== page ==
The current plan, which has not yet been finalized, would allow fewer students to take one semester of remedial non-credit courses before being allowed to take college-level courses. The flow of students that would then be able to take credit-bearing courses will need an updated support system that may include small class sizes, tutors, and computer-assisted technology. A draft budget has shown that it could cost $8.9 million a year to decrease class sizes, $2.9 million to hire tutors and counselors, and $1.6 for intensive technology.
As of ysterday, June 24th, Governor Dannel P. Malloy signed an executive order to establish an Office of Early Childhood. This decision is in response to the failing of the General Assembly bill that would have established an Early Childhood Cabinet. This cabinet would transfer authority from various state agencies to one office that would be responsible for delivering early childhood services.
Malloy explains that the bill was going to pass if not for some political differences as evident by the allocation of $127 million in the first year and $232 million in the second year of the already passed state budget to the office. The order used these funds to create a “coordinated system of early child care and education” by July 1, the first day of the fiscal year, which will allow services to go on interrupted.
The OEC (Office of Early Childhood) builds on the work done in 2012 when Connecticut “invested $9.8 million in early childhood initiatives, created 1,000 new spots for early learners, invested $3 million for a tiered quality rating and improvement system, and sought collaborative partnerships for the Office of Early Childhood Planning.”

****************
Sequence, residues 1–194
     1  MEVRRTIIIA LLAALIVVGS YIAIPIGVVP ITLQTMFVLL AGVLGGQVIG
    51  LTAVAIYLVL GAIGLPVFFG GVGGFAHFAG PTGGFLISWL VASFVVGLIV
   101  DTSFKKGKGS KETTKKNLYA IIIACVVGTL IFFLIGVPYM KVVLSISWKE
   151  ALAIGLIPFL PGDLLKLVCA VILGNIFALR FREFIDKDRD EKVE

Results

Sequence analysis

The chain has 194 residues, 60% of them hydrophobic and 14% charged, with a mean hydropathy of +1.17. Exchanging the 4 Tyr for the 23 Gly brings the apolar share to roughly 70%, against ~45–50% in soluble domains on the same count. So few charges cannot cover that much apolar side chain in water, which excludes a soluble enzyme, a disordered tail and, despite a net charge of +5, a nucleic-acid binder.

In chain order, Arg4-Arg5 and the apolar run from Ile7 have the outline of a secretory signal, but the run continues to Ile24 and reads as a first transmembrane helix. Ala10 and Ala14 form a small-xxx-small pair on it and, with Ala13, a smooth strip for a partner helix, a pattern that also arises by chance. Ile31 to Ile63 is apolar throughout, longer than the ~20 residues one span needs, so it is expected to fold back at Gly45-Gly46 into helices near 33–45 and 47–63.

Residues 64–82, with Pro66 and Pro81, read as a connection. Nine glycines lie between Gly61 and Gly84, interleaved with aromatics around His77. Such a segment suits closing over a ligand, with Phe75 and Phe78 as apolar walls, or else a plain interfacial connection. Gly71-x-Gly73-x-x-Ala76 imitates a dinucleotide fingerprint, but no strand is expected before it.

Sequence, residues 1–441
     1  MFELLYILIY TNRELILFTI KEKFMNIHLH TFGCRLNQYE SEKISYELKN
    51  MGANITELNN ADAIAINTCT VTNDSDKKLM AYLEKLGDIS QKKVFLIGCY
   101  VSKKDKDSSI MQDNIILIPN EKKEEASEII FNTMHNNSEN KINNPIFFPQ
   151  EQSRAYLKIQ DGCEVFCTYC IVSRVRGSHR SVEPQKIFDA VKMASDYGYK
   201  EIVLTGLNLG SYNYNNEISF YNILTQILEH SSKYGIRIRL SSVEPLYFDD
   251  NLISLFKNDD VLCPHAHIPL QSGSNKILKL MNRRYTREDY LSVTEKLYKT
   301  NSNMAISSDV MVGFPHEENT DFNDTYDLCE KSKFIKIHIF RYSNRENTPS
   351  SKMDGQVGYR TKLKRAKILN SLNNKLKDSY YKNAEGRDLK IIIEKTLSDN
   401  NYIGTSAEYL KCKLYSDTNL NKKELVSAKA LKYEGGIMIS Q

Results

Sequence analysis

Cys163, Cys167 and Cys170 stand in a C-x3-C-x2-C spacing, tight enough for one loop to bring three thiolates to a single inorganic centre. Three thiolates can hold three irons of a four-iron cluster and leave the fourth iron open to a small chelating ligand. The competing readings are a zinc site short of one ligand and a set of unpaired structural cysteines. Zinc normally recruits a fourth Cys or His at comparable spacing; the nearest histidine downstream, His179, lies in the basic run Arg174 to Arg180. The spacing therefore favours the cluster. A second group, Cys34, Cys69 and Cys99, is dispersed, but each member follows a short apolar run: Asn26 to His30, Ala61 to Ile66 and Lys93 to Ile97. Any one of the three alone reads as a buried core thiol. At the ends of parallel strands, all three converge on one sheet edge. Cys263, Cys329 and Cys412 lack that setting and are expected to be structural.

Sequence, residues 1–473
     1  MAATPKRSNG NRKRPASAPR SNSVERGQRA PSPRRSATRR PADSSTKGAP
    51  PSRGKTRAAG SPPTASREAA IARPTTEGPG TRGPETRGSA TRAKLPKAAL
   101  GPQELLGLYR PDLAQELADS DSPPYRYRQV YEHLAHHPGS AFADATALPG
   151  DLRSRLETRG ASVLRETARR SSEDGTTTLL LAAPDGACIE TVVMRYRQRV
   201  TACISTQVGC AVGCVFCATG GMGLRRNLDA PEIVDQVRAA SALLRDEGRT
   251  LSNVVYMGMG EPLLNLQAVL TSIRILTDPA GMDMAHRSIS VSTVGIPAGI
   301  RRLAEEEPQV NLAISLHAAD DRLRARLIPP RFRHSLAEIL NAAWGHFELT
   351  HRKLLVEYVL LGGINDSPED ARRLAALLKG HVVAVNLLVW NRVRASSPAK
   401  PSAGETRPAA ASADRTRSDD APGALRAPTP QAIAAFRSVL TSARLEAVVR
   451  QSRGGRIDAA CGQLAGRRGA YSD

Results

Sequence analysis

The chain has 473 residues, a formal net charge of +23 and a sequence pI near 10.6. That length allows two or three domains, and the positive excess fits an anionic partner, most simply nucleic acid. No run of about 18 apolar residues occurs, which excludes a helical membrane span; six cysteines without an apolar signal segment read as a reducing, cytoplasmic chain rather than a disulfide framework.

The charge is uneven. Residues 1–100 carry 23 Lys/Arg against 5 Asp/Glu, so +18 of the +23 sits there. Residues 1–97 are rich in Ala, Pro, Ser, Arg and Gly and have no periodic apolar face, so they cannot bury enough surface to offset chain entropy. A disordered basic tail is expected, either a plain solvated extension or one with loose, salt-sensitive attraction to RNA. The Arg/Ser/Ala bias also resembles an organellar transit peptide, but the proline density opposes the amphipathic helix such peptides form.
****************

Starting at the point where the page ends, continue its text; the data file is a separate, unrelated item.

Despite continued disagreements between the parties and further criticism, Malloy stated that this order is simply a temporary solution until the bill can be reintroduced and passed in the next legislative session. He explained that “the key to improving education in our state is better access to quality early learning opportunities for every single child. The Office of Early Childhood represents an important step toward reaching that ultimate goal.”
Today, June 25th, Malloy has appointed Dr. Jones-Taylor to serve as Executive Director of the OEC. Dr. Jones-Taylor currently serves as Director of the state Office of Early Childhood Planning, a position she was appointed to by Governor Malloy in 2012.
Governor Malloy also believes that the establishment of this office is the first step to creating a universal pre-K system which he successfully implemented in Stamford when he served as Mayor.